Etiology of Single Sex vs Coed PE

Single Sex Schooling

Single sex schools were prevalent prior to the nineteenth century. Particularly in religous affiliations. There is a new movement to include single sex classes in coed schools other than PE.

Coed Schooling

Coed schools became more prevalent after the nineteenth century. Students were combined in heterogeneous groupings to accomodate mass education.

Switch from Single Sex Classes to Coed Classes in Physical Education

Coed classes were introduced in the US as a response to Title IX.

Underlying Issues

Research Based Benefits to Single Sex Physical Education Classes

  • Girls have been found to be less self conscious

  • Boys have been found to be more active

Researched Based Detriments to Single Sex Physical Education Classes

  • Girls spent less time in the optimal heart rate zone

  • Pedometer results have shown that single sex classes had fewer steps

Research Based Benefits of Coed Physical Education Classes

  • "able to interact with the opposite gender" (Osborne, Bauer, & Sutliff, 2002, p.83)

  • increased challenge for competitive girls (Williams, Bedward, & Woodhouse, 2000)

  • equal opportunity to experience all activities

Researched Detriments of Coed Physical Education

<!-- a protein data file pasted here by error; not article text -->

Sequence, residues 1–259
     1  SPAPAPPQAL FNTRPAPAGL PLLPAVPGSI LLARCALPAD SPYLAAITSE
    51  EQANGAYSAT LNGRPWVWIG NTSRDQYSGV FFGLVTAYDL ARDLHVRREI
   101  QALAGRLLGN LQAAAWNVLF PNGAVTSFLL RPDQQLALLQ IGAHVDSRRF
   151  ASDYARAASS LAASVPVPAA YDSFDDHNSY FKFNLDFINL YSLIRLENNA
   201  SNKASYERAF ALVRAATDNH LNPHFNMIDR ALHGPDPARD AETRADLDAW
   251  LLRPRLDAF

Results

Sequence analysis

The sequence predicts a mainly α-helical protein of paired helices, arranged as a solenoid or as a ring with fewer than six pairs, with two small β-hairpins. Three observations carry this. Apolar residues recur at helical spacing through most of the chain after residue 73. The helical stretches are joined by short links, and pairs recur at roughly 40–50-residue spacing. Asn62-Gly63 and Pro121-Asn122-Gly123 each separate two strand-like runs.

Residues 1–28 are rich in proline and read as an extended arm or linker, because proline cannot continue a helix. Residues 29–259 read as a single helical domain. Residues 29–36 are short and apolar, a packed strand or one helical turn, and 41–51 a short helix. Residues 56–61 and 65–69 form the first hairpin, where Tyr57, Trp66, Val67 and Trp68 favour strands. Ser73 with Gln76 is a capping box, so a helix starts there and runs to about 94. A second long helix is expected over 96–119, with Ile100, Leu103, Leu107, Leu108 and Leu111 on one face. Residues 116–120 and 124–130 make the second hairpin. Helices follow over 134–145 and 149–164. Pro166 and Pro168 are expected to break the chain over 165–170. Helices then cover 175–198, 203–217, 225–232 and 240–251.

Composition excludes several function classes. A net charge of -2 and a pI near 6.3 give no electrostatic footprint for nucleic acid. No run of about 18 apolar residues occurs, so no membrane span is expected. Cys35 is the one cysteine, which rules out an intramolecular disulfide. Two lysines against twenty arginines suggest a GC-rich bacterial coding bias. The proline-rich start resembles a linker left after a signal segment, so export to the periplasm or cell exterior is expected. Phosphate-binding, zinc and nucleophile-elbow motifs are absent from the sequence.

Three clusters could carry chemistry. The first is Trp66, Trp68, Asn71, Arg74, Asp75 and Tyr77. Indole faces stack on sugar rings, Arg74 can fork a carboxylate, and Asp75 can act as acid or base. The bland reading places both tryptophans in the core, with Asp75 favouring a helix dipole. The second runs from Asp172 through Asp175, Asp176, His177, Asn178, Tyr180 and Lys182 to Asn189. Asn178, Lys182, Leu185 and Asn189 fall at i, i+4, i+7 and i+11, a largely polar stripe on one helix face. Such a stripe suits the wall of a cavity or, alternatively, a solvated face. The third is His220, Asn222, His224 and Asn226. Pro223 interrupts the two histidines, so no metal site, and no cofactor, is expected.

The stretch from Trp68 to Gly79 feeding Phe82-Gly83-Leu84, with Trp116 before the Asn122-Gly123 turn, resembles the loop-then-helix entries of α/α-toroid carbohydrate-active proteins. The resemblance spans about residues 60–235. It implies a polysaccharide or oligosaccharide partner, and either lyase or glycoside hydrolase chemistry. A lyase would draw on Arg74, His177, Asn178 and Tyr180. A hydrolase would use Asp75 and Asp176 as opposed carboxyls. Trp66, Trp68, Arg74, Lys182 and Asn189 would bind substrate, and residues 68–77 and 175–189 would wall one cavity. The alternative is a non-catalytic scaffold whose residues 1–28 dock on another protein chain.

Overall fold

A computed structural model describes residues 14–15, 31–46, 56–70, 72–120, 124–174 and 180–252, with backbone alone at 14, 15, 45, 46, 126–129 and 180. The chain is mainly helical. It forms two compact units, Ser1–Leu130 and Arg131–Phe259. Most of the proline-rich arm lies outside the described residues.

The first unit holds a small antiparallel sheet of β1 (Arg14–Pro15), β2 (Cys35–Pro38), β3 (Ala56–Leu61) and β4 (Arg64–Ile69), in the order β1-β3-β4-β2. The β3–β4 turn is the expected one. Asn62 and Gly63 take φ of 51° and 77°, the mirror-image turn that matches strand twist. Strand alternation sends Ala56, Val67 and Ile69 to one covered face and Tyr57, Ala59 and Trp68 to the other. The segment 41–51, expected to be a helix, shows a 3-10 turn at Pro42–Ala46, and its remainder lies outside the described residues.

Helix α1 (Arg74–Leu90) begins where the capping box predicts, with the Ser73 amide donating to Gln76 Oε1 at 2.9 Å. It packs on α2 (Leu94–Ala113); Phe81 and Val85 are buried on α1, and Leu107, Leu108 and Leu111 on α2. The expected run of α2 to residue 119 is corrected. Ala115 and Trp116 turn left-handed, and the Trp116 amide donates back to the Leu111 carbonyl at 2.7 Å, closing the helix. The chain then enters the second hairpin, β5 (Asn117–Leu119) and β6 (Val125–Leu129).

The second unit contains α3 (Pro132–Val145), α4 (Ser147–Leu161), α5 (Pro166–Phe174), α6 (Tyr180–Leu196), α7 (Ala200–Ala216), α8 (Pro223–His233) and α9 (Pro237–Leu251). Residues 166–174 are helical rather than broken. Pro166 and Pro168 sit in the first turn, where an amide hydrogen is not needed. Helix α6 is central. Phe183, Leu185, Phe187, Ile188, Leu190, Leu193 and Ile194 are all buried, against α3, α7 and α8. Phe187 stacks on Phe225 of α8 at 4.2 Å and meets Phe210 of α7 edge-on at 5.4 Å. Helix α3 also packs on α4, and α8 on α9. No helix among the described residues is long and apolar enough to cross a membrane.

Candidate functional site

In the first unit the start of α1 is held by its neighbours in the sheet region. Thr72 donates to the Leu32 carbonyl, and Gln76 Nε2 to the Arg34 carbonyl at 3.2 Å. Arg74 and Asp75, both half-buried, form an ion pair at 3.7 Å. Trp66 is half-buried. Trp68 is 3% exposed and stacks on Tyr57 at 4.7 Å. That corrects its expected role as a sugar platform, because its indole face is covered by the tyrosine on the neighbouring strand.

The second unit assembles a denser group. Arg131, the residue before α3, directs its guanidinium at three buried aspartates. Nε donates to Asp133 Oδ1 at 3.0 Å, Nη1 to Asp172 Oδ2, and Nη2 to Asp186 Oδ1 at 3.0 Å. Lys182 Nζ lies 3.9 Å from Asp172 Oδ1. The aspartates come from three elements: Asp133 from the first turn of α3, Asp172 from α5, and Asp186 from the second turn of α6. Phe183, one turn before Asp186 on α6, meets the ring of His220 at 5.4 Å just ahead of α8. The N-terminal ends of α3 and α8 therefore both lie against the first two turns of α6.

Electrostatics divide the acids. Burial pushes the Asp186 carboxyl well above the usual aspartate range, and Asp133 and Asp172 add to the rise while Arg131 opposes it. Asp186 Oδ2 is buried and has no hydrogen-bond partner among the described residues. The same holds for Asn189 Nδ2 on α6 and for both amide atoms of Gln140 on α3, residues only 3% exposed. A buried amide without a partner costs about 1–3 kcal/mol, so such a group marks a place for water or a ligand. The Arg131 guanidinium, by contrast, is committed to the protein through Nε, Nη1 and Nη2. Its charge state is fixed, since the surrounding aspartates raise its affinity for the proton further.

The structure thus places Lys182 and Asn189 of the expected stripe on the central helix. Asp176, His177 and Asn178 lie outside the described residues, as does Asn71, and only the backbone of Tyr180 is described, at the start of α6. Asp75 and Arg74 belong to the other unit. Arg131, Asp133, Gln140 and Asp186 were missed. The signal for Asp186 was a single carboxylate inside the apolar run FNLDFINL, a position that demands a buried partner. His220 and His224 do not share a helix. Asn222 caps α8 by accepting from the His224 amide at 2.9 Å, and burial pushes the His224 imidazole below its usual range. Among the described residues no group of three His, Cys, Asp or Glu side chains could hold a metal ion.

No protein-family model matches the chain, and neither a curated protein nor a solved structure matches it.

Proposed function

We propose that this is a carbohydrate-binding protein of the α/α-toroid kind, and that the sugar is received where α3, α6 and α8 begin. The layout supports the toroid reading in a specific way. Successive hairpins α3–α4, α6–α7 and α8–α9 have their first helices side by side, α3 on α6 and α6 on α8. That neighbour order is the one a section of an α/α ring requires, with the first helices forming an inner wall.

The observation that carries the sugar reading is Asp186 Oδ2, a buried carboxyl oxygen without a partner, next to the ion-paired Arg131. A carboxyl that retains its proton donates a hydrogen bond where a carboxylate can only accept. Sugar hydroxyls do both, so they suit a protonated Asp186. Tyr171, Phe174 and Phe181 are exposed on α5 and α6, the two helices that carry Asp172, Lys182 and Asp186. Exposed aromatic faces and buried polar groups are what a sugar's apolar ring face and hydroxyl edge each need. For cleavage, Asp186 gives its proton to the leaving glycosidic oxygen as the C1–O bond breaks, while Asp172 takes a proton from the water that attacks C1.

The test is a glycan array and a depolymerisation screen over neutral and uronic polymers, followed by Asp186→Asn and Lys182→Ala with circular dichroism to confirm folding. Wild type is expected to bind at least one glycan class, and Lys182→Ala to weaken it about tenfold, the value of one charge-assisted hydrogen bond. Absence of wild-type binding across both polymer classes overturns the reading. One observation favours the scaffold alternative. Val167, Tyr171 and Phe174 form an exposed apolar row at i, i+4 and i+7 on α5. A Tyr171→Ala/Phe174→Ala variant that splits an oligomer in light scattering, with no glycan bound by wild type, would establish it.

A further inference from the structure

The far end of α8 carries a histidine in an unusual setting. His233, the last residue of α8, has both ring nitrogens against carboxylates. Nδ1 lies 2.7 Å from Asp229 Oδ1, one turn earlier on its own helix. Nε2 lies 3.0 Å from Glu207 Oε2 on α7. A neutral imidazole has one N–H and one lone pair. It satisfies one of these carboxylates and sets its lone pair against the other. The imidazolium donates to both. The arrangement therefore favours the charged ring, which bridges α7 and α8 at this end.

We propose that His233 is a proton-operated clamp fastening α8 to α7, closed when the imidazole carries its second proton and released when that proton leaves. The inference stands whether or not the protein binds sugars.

• teacher issues: "extra time spent on gender related issues, safety issues and an overall disappointment with achievement for both genders during class" (Rustad, 2007, p.10)

  • girls and boys have different preferences of activities

Student Perceptions

  • generally, male students receive more attention in class from teachers than do female student even though both males and females perceived it as equal attention from the teacher.

  • girls with low perceived confidence will have decreasing enjoyment in PE which worsens over-time

  • boys and girls perceived that they had more opportunities and played team sports more effectively in same-sex environments

Guiding Questions

  1. Is it our responsibility to address the societal gender biases within our schools and classes?
  2. Is there enough evidence to inform our opinions about this issue?
  3. Would you consider teaching and assessing a coed class as two segregate classes?
  4. In instances where students can choose either model, are they informed enough to know the rammifications of their choice?
  5. What can we as post graduate students do to educate school leaders to base their scheduling practices on evidence based outcomes?